filed under: user management
The characteristics of OHV users in Tennessee, types of OHV use and trip characteristics, and the perceptions and preferences of OHV users were studied.
Along with the growing popularity of off-highway vehicle (OHV) recreation in the United States, there has been an inevitable increase in demand for areas which provide for such recreation. This growth has occurred for a number of reasons which include but are not limited to: an ever-increasing population, increases in amounts of free time and expendable income, and advances in OHV technology. Meanwhile, according to a report prepared for the Recreation Roundtable in Washington, D.C. entitled Outdoor Recreation in America 1998, the nationwide level of satisfaction with services and areas provided for this type of recreation is relatively low
In Tennessee, OHV recreation surfaced as a high priority issue during the statewide recreation planning process in 1995. As a result, Governor Sundquist appointed a committee of state, federal, and public representatives to develop recommendations for a statewide OHV recreation plan. The University of Tennessee was commissioned in 1999 to conduct a survey in as a part of this committee's information gathering process. The purpose of this study was to articulate the nature and extent of OHV recreation in Tennessee and its associated economic impacts. Furthermore, the study was to characterize and describe OHV users in Tennessee, their perception of the current situation, and their level of support for aspects of a potential future OHV recreation program.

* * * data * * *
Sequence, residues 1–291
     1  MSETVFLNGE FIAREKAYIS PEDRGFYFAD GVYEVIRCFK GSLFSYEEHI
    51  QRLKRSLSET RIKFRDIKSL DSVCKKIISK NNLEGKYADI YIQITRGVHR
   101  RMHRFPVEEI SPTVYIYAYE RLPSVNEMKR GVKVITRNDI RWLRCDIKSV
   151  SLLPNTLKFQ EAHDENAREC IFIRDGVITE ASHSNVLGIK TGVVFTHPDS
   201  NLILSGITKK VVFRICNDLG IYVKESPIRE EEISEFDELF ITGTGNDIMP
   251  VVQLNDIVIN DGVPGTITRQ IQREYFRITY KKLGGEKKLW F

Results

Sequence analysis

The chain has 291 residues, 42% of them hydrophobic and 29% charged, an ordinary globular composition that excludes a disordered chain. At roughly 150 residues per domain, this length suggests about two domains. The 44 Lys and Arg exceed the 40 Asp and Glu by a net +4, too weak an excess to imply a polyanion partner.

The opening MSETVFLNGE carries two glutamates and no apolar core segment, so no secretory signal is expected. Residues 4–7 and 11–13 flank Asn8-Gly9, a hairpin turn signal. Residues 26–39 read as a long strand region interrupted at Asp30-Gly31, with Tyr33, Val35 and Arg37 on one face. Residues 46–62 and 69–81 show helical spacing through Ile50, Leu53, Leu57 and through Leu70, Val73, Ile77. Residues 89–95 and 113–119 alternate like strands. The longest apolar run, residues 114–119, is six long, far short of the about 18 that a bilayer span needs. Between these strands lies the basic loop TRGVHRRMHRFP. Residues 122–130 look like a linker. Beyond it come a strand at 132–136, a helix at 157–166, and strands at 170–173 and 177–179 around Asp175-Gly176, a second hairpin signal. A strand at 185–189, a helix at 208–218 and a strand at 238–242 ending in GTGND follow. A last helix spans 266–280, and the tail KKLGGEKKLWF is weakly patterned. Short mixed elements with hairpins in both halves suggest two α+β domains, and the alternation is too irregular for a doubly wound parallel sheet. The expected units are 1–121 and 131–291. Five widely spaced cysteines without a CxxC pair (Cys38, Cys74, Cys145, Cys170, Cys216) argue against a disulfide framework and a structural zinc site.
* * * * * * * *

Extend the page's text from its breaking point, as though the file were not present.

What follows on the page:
The results of the survey are presented in this report. They are organized into four sub-sections to facilitate the reader's ability to find pertinent information quickly. The first section seeks to describe the people who participate in OHV recreation in Tennessee. The second section focuses on characteristics of OHV recreation trips. The third section shows the perceptions of or level of satisfaction with the current status of OHV recreation in Tennessee. The fourth section deals with the preferences of OHV users and their level of support for different aspects of a potential future state OHV program. These four sections are followed by a set of appendices which include examples of the mail and telephone surveys, as well as a catalog of comments from survey respondents.
For presentation in this report, survey respondents themselves are divided into four groups according to the types of machines owned and used during OHV recreation. This was done to highlight the subtle differences among OHV user sub-groups. The first group consisted of those who own an allterrain vehicle (ATV) only, and the second group was made up of those who own a four wheel drive truck (4wd) only. The third group included those respondents who own either an off highway motorcycle only or both an off highway motorcycle and any other type of off highway machine. The fourth and final group includes those respondents who own both an ATV and a 4wd.